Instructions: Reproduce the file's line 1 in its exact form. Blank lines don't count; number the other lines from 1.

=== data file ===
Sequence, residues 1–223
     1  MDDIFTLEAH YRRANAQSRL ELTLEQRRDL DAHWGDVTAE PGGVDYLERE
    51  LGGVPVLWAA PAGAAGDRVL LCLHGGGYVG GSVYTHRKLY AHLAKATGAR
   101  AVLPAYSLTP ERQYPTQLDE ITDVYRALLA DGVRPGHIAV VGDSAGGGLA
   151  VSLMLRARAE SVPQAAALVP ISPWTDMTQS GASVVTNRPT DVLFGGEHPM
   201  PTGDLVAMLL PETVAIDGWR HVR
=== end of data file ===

Sequence, residues 1–223